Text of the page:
Flipkart, strongly backed by digital wallet PhonePe, strengthened their Card-on-Delivery option while rival Amazon also invested in point-of-sale machines for every delivery agent. Amazon trained more than 50,000 of its delivery agents on how to support customers in making electronic payments when they deliver across 4,000-plus pin codes across the country.

“We’ve been able to reduce COD share compared to the pre-demonetisation period. The CoD share in Tier-2 and 3 cities is higher than Tier-1 but the gap is narrowing as a result of our initiatives to drive electronic preference,” says the Amazon spokesperson, adding that people have begun to adopt to electronic payment methods due to demonetisation.

Customers opt to pay through CoD either because they are not very comfortable with electronic transactions at all or by choice. The latter is likely to shift to online modes of payment such as card and wallet, with online sellers providing incentives.

The Amazon spokesperson says once people in metros are comfortable using electronic instruments, they prefer them to cash at all trusted places even without incentives.

“Shifting consumer behaviour to induce trial of electronic instruments and building trust and habit is the key. We believe consistency of these initiatives is important to change customer habits decisively towards electronic payments,” the spokesperson adds.

Maintaining the momentum

Although cash began returning by end of Q1 2017, Amazon had taken several initiatives to encourage digital payments.

The spokesperson says, “We invested in improving reliability of payments by working with individual payment processors and banks to reduce avoidable failures in transactions from use of electronic instruments.”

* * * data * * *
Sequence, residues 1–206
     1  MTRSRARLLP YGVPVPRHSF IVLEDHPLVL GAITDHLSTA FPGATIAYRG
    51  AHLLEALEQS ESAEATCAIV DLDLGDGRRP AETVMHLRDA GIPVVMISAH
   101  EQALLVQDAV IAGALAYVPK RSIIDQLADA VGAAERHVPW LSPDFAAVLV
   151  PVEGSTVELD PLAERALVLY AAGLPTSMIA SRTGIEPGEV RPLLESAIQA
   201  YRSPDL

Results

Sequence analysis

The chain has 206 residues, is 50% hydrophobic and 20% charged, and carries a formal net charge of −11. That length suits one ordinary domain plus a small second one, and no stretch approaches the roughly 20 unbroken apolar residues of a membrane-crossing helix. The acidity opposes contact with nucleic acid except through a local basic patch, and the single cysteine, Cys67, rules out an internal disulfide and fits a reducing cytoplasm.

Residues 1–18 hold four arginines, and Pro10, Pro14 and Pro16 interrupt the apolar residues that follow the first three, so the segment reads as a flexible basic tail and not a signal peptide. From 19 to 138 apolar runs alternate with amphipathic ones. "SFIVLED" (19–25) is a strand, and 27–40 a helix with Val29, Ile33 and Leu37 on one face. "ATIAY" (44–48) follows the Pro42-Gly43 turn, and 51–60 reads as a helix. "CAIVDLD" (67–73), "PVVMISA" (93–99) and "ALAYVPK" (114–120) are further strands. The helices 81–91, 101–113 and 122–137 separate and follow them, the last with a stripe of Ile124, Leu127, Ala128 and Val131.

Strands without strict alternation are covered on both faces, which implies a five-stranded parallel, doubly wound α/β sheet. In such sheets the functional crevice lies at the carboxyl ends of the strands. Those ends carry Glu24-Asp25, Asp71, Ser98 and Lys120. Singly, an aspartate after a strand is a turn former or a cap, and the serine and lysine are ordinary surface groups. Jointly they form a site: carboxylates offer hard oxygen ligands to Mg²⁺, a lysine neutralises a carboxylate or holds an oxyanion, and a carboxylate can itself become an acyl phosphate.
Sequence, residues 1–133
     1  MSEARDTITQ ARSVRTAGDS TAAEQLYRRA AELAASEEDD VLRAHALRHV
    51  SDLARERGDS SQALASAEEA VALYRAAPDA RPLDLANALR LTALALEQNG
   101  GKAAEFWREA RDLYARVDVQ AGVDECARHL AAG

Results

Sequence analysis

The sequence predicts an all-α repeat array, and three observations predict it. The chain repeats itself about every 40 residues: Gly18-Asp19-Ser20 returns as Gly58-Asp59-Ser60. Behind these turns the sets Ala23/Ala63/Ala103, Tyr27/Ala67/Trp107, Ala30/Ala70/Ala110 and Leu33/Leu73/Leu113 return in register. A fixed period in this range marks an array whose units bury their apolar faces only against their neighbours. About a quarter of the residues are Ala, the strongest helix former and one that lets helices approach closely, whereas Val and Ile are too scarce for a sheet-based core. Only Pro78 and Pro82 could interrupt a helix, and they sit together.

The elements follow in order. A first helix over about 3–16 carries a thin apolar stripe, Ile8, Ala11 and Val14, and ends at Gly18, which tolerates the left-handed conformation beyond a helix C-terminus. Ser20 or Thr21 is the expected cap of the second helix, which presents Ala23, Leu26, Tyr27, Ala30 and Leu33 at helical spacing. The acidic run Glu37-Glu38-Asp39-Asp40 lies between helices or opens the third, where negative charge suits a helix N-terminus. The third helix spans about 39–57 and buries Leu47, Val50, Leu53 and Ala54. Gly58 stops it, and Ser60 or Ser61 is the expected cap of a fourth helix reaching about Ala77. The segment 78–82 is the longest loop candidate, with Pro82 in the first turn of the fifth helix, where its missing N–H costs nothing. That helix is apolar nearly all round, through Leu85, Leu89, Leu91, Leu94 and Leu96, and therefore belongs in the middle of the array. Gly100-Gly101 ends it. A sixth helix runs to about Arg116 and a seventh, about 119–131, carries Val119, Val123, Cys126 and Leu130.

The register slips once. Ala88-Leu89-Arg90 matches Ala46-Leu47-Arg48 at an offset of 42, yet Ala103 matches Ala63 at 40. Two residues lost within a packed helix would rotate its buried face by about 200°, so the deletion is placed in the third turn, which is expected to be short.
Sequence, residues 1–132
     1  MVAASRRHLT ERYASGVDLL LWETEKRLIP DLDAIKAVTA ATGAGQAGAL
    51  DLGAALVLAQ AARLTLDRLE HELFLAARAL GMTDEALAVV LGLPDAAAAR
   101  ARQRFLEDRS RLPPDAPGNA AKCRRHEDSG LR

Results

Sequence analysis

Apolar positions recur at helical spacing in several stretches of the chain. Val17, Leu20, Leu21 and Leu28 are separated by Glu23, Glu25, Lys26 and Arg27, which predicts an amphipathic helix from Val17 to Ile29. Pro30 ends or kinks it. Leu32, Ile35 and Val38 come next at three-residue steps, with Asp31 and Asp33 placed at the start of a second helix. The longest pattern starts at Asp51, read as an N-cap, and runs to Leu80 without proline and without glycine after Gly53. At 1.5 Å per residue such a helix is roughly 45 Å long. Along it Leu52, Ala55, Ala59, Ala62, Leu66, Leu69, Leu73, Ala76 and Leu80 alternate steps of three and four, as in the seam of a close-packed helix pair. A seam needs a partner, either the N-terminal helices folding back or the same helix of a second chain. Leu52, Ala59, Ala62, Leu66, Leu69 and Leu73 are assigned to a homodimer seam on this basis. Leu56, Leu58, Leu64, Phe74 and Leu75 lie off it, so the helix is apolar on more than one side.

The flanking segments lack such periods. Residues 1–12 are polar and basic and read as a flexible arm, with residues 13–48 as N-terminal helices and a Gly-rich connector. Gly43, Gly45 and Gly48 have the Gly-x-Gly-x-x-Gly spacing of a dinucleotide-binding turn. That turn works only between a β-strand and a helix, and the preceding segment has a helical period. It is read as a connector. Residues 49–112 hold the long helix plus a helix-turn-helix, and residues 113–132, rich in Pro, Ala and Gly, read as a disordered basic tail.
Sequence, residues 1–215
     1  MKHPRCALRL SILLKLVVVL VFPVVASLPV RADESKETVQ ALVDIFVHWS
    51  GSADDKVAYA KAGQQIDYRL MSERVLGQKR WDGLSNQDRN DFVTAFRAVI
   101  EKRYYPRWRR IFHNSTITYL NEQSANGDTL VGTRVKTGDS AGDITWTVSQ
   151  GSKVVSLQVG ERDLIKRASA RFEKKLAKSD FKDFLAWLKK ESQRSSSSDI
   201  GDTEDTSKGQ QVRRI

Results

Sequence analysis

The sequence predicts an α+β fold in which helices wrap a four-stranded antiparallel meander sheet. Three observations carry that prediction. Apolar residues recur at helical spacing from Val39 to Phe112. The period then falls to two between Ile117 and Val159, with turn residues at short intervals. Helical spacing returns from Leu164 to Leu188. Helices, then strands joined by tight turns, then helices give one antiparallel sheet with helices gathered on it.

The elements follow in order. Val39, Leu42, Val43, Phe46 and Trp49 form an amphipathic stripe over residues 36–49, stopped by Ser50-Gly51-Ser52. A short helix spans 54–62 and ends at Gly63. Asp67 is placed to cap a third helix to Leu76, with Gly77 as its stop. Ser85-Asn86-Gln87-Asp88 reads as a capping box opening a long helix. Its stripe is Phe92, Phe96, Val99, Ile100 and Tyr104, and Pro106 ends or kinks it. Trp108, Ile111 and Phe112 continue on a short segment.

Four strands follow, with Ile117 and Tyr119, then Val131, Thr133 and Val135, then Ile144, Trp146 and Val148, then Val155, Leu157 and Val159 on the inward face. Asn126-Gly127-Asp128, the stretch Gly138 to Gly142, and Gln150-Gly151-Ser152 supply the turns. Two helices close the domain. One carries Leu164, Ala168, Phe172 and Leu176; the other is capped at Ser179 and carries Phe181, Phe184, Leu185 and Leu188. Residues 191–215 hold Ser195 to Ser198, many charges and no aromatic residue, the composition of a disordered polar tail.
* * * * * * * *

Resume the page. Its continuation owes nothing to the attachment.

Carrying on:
Poor connectivity is another reason for the poor adaptation of online payments.

Amazon partnered with Visa to drive a cashless campaign that incentivised customers to make electronic payments using cards. They also launched prepaid wallet Amazon Pay, especially for low-ticket purchases.

“We have seen that not leaving our site while making a payment is crucial for customers to prefer digital payment over cash. Using our wallet, we offered an easy way for customers to pay for their recurring consumables and grocery subscriptions on Amazon. There has been a significant migration of customers away from cash towards digital payments due to these recurring payments.”

Unique solution

India is one of the few markets where e-commerce is conducted more through CoD than online payments. China’s booming e-commerce is ruled by Alibaba’s payment wallet Alipay and Tencent’s WeChat Payment. CoD declined in China when mobile wallets started offering interest. If Paytm gives 7 percent interest, it’s a saving account and the user will want to use that to shop. Right now, the money in a mobile wallet is just idle.

But at least mobile wallets are available to everyone, unlike credit cards. More importantly, the likes of Paytm and Mobikwik are accepted in small kirana stores too, which has begun a slow transition for the average customer to trust non-cash modes of payment.

In fact, a survey conducted by cashback and coupons platform CashKaro.com found that 90 percent of the 2,000 survey participants preferred paying online post demonetisation. In e-commerce, the survey found that 47 percent of the respondents had switched from CoD to prepaid orders post demonetisation. Among those who now prefer paying online, 54 percent pay via debit/credit cards, 30 percent pay via wallets like Paytm, Freecharge, MobiKwik etc., and 6 percent use net banking and UPI.

As per industry data, 1 out of every 5 card transactions fails, which reduces customer trust on digital payments. Due to this, customers default to cash, especially for low-priced higher frequency items. But if they are comfortable paying for their groceries at their local store through Paytm, hopefully, with better infrastructure and internet penetration, the same customers will move on to the same methods when shopping online.